Contains spoilers as to the original short story and the two adaptations reviewed.
I’d intended to do a little Halloween-themed run of reviews this week but sadly time and other commitments got the better of me. However, one did manage to sneak under the wire – a look at the two screen adaptations of MR James’ Oh, Whistle and I’ll Come To You, My Lad made by the BBC 42 years apart and released again this month by the British Film Institute as part of its Gothic season.
MR James was an early 20th century medieval scholar and in his time provost of both King’s College, Cambridge and Eton College. Today he’s best recalled for his sideline of writing ghostly short stories, adaptations of which were for a time a staple of the BBC’s Christmas television schedule in the 1970s. They possess a rich nostalgic appeal to those who saw and loved them at a time, so that every now and then a revival of the spirit of retelling the ghost stories of Christmas past is attempted.
I should confess that I wasn’t one of those who avidly watched the dramas at the time. Some came along far too early for me, while even on reruns the late ones generally proved too slow and subtle for my young self. These are ghost stories for adults, and moreover for intellectuals, and not the Paranormal Activity, Insidious or The Conjuring sort of over-manic fare today that gets taken as horror. In fact there’s nothing really ‘horrific’ in these works at all, they are more accurately tales of the unsettling that may or may not send a chill down your spine, or perhaps leave you anxiously glancing behind you next time you’re out walking alone.
The 1968 version of Whistle and I’ll Come To You is possibly one of the most highly regarded television ghost stories ever filmed. It was made as part of the long-running arts programme Omnibus by Dr Jonathan Miller, who wanted to do a ‘ghost story’ but yet who himself had no time for the usual silliness of the paranormal. The cerebral style of James was perfect for Miller who found a story that could be used in many different ways to tell a real tale of substance and not simply get empty shock appeal for the sake of it from spooks and ghouls and headless horsemen.
In the original story, a philosophy academic called Parkins goes on a golfing holiday to the fictional coastal resort of Burnstow (James actually based the location on Felixstowe). On one walk along the coast he unearths an old metal whistle bearing the inscription “Quis est iste qui venit”, or “Who is this who is coming?” Naturally, after cleaning it up, he blows into it – and thereafter is disturbed by bad dreams, waking anxiety about someone following him, and strange scratching and rustling sounds when he tries to sleep that make him convinced someone is in the unoccupied second bed in the room. Parkins has always scoffed at any suggestion of the supernatural, and is now eventually unhinged by what his sceptical mind cannot explain or accept.
A physician as well as a theatre and opera director, Miller saw the story as an opportunity for a relatively clinical study on the effects of loneliness and isolation. The 41-minute film focusses on an elderly unmarried Cambridge academic called Parkin (the name, like the title, is shortened for the screen) as we follow him wandering around Burnstow making few human contacts. An oddball from the start – although admittedly no more so than many of the academics I knew while at university myself – his one substantial conversation with a fellow guest at the hotel sees him deliver a smug, self-satisfied and near-incomprehensible discourse about his disinclination to believe in anything paranormal; it’s not an experience either his interlocutor (or indeed we the audience) wish to repeat again. Gradually the collapse of Parkin’s mental state is mirrored by a similar decline in his linguistic skills and he ends up barely able to utter single word responses amidst the snorts, harrumphs, moans and sighs.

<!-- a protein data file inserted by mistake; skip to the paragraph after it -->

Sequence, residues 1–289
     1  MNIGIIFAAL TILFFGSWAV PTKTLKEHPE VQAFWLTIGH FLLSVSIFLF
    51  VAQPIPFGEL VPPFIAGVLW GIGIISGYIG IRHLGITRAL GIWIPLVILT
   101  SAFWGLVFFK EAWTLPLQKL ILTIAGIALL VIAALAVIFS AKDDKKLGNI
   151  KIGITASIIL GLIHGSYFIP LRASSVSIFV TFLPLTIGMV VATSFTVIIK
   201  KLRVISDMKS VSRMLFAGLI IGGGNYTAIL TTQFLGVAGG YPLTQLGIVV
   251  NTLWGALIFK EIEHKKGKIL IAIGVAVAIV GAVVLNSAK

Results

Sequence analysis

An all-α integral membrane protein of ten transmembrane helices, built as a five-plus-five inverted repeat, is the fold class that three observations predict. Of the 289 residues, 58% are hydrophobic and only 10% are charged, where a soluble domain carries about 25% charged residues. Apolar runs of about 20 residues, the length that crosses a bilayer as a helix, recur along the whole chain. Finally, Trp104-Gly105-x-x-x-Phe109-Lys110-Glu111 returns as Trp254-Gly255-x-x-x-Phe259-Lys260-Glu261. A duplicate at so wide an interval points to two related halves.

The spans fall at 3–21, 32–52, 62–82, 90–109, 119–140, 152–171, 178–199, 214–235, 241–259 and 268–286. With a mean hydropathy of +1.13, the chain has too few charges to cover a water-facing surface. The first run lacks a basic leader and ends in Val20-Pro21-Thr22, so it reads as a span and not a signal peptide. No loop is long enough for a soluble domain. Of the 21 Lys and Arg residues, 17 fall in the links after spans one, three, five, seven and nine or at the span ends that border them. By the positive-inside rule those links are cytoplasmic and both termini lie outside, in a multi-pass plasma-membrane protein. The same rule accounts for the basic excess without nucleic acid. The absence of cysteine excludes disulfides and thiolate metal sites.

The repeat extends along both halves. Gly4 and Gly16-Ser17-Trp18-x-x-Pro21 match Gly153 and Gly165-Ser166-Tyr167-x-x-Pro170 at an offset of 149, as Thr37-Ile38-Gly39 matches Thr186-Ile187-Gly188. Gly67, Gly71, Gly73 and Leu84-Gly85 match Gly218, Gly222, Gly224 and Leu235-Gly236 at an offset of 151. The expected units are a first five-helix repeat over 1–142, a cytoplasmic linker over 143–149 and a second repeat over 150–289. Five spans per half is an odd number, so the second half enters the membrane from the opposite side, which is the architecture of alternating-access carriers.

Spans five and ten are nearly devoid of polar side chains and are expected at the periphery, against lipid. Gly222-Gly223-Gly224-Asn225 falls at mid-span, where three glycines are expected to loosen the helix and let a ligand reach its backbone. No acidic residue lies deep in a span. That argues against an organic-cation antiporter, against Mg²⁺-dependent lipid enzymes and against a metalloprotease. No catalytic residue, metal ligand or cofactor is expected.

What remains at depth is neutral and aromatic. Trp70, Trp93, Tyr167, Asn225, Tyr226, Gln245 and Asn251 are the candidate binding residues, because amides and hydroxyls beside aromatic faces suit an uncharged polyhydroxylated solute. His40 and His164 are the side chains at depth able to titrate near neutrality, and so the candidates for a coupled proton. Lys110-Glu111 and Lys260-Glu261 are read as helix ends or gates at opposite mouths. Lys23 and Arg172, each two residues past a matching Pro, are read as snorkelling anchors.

There is an additional layer to the story if you look for it, beyond the isolation/loneliness thesis – that of Parkin’s repressed sexuality, and specifically homosexuality. It’s not overt but then it couldn’t have been in 1968, but the adaptation certainly open to such a reading: the moment when Parkin blows into the phallic tin whistle is the most obvious clue, declaring it “Dirty” as he touches his lips to the tip. MR James himself would have recoiled from the very notion, mind.
Otherwise, much of Miller’s production is a long, unflinching look at how Parkin spends his days pottering about and talking to himself. There’s plenty of period treats as we’re shown how even a high-class hotel of the era (one that requires formal dressing for dinner served by maids and butlers on silver service) can’t boast hot or cold running water or ensuite facilities to the guest rooms. At the centre of it there is Michael Hordern’s performance as Parkin, and it’s an extraordinary meditation on eccentricity – possibly the actor’s finest work ever committed to celluloid. That said, it can’t truthfully said to be a scary ghost story; at best it’s mildly unsettling, but to be honest so little happens, and so slowly, that it spreads any chills far too thin for my taste which admittedly has quite possibly been ruined forever by more bloody and visceral modern cinematic horror pursuits. I found it, frankly, a little on the dull side outside of Hordern’s portrayal, but then Miller isn’t going for horror or even chills, rather a depiction of a man’s mental state subtly and steadily disintegrating.
The second version of the story presented on this BFI/BBC DVD release is much more recent, having been aired in 2010 although I’ll be darned if I can remember seeing it in the schedules at any stage. Written by Luther creator (and Doctor Who contributor) Neil Cross, it takes some of the same plot beats and key signature moments from James’ short story and from Miller’s production, but then pretty much reworks everything else in a way that completely overturns the author’s original intentions in quite spectacular fashion. This perhaps explains why James’ name appears only late in the final credits rather than upfront or as part of the title; one suspects that he would not have been impressed by what had been done to his work. However, the new version does pay a little post-modern mark of respect by bestowing upon Parkin (the name still curtailed) the first name of James.
In this production, Parkin is a retired astronomer. Far from being the haughty bachelor figure of Miller’s imagining, here he has been happily married for over 40 years to the love of his life, Alice (Gemma Jones) – so no room here for any repressed sexuality elements. Whereas in the 1968 version Parkin sought out isolation and duly paid for it with his mental collapse, in the 2010 iteration he has alienation thrust upon him by circumstances. His wife is in a catatonic state from advanced senile dementia and he has just moved her into a care home; they never had any children; and when he seeks to revisit a coastal resort that was special to them both as newly-weds, he arrives out of season in a hotel with no other guests with which to interact (and on one night, apparently not even any member of staff in the entire hotel.)